Life is a series of natural and spontaneous changes. Don’t resist them – that only creates sorrow. Let reality be reality. Let things flow naturally forward in whatever way they like. Lao Tzu
In the end, I hardly shed a tear.
I’m relieved that it’s over. So many dreams; so much money. All gone now. But I’m so busy moving on and creating our next chapter that I have little time for regrets.
The strangest thing about selling your house is the moment you hand over the keys to someone and they stand there expectantly waiting for you to leave.
Leave? My house?
You are waiting for me to leave MY house?
But it wasn’t our house anymore. Now it’s their house.
It’s weird imagining someone else cooking in my kitchen while their guests sit around chatting at the big island I designed.
Will they ever put in that skylight I’d always wanted?
It’s odd thinking about these strangers taking a bath in MY tub and stepping out onto the heated tile floor I’d insisted on installing.
Will the new owners keep up the shower glass that my husband and I religiously squeegeed after every single shower?
Will they enjoy the tasteful and soothing Benjamin Moore White Satin blue I’d agonized over for hours and hours before finally making the commitment, or will they decide it needs to be painted puce?
Who knows? Who cares? It’s not my house anymore. I wish the new owners well.
And I hope for the sake of all that is good and holy they don’t paint that gorgeous bathroom puce.
Tears in Heaven
I thought I handled the house thing pretty well, but the worst was yet to come.
The day after we handed over the keys, as we were unpacking, my little 13 year old bichon, Jean-Luc, fell seriously ill.
For all his fluff, Jean-Luc was one tough little guy. A few years back he’d survived a serious mauling. And then a couple of months ago he became very ill and we found out that not only did he have diabetes, but he had a large bladder stone that needed immediate surgery. He came through the surgery with flying colors, and seemed a lot perkier with his twice daily insulin shots.
But that night, as I cuddled him in my arms surrounded by moving boxes full of crap that won’t matter to anyone someday, he looked up at me and made it very clear that he had had enough. He spent his last night suffering in a lot pain, and at 11:15 the next morning I took him to the vet where he went quickly and peacefully to the Rainbow Bridge while lying in my arms.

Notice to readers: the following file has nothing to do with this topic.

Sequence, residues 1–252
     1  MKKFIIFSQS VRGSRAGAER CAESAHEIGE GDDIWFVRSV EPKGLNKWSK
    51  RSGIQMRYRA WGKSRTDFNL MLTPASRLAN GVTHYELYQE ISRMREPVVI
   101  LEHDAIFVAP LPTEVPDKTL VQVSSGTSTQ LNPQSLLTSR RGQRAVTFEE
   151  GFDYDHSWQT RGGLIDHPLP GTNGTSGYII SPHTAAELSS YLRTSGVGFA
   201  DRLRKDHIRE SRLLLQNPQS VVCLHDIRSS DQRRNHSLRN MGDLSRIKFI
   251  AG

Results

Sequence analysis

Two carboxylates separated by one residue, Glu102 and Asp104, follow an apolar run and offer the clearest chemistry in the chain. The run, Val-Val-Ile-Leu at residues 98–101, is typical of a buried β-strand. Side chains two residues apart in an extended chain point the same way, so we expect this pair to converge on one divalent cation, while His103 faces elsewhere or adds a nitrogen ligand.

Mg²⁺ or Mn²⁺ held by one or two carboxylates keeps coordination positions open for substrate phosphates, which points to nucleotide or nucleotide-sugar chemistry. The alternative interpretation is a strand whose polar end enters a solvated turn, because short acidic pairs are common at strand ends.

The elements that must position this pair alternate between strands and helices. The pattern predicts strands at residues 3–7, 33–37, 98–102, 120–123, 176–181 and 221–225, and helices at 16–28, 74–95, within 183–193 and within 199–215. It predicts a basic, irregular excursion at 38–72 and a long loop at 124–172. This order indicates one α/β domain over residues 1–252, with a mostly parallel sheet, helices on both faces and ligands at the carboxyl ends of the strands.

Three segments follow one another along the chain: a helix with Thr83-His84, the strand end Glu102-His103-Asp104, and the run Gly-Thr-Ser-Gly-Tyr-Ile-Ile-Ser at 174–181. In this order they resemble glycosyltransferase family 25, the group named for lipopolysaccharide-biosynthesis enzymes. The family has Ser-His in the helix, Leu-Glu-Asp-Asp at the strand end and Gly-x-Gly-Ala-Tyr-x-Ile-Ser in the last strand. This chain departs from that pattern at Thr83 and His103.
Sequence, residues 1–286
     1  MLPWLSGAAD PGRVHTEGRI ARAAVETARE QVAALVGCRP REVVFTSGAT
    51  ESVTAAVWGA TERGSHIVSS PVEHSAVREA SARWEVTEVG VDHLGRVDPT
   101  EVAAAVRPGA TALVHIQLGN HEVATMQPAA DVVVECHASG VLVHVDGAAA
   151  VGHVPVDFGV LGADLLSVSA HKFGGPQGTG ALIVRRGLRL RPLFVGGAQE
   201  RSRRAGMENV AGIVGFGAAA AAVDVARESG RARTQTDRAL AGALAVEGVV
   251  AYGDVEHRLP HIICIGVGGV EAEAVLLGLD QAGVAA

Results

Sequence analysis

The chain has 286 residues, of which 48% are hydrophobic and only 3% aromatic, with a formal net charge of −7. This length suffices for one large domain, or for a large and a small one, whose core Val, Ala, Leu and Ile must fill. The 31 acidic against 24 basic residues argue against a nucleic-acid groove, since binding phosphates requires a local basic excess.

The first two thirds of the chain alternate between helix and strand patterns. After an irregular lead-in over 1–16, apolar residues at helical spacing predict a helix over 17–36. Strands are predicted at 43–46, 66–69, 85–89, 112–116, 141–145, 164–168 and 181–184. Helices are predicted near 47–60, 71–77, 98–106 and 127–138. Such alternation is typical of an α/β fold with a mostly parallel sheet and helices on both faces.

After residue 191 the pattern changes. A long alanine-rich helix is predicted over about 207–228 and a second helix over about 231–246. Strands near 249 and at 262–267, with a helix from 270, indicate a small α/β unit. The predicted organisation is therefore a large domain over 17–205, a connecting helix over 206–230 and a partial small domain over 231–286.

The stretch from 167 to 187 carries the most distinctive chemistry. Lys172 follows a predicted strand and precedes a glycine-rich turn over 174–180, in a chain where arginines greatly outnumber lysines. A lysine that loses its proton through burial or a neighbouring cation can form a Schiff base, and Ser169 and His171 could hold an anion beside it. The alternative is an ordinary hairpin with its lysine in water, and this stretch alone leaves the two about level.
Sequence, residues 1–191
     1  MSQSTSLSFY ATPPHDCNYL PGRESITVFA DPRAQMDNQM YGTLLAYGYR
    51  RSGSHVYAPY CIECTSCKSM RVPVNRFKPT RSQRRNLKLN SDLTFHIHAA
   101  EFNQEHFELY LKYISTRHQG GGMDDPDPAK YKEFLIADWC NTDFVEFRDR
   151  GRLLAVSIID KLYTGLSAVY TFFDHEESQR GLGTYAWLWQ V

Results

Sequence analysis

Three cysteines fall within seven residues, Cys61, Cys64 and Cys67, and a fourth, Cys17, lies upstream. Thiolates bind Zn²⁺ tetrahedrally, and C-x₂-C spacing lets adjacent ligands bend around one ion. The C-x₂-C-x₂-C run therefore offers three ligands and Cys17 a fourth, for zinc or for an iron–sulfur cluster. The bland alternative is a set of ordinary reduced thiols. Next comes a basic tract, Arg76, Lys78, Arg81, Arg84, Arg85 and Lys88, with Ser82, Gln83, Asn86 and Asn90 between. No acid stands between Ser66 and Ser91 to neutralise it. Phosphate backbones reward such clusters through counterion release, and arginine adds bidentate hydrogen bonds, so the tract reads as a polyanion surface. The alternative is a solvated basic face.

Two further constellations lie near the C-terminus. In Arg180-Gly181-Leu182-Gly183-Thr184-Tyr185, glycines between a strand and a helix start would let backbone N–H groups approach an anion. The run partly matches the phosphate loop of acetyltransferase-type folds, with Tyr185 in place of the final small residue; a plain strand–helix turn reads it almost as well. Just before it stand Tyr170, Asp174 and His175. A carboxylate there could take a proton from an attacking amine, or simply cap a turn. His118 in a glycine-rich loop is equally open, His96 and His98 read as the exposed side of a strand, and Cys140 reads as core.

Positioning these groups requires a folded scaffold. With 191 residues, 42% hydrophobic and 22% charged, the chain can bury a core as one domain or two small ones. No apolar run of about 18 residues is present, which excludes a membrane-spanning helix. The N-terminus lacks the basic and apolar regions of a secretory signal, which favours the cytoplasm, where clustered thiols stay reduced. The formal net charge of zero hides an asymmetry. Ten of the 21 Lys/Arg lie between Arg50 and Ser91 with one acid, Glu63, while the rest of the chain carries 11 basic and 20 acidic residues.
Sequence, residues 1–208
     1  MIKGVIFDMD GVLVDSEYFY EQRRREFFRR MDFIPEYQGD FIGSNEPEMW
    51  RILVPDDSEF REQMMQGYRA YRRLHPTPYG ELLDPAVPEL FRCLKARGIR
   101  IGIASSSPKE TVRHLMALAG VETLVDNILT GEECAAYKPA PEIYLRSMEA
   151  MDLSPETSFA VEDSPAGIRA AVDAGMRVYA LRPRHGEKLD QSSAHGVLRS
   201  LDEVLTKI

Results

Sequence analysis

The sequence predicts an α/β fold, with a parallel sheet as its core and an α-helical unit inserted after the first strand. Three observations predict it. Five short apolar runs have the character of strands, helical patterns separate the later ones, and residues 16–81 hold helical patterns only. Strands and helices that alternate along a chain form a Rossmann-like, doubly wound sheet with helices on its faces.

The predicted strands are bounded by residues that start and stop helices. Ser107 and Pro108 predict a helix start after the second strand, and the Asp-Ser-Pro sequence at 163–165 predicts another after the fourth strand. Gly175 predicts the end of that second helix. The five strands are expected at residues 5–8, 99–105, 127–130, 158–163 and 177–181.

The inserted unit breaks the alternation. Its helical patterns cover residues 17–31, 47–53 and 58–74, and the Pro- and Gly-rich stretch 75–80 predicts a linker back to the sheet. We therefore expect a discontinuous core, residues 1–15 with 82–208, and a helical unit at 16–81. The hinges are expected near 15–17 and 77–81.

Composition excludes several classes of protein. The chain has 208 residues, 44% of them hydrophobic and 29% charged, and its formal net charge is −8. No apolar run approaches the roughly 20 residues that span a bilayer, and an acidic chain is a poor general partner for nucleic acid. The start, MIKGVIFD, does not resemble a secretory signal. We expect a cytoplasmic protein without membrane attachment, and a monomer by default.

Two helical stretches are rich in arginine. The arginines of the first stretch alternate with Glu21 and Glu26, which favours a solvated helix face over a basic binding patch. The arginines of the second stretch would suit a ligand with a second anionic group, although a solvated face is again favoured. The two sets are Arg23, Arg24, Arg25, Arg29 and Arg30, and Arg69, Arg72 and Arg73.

I’m going to miss him so much.
Freedom. Just Another Word for Nothing Left to Lose?
What makes a life?
It’s not our stuff.
Going through nearly 30 years of accumulated belongings, Jeff and I faced hard decisions about what to keep and what to throw out.
As with everything else that stays or goes in our lives these days, we based our decisions on love. Over and over again we held up some beloved treasure, or accumulated detritus, and asked ourselves, “Do we love it?”
If the answer was no then into the good-bye pile it went.
Jean-Luc would not have gone into the good-bye pile, but I wasn’t given a real choice there.
Sometimes the choices were brutal. My husband let go of an old tuba he’d had for many years, and I pared down the children’s artwork even more.
The secret was to see these things not in terms of their sentimental value, but as obstacles standing between us and the life we are dreaming of. We are in full-on dream mode these days.
The only thing we know for certain is each other.
Having gone to the wall with and for one another two years ago, we’ve determined that our love for each other must be the determining factor for everything that stays or goes in our lives.
The question that must be asked and answered by both of us in the affirmative is, “Does it serve us?”
If it doesn’t serve our own personal growth and the sanctity of our marriage and our future together then into the good-bye pile it goes.
Our Lives Become the Choices We Make
Later today, I’m leaving for my next travel nurse contract. Making money is a big part of my contribution to our future together. We have big dreams that are going to cost a lot of money, and both of us need to focus on making money these days if we want to see those dreams come true.
These next 10 years will likely be my most financially productive, and I need to make the most of them. Having taken off 10 years to raise my kids, and spent another 10 working part-time, I have a lot of lost income to make up for if I’m going to avoid ending up penniless like my mother.
Our future financial security, and where and how we want to live as we get older, consume much of our thoughts and conversations today. Our years of living for our children are over. Now is the time to focus on us. What do we want? And how are we going to make it happen?
The future seems bright. But on the way to the future, it seems that there are an awful lot of painful good-byes.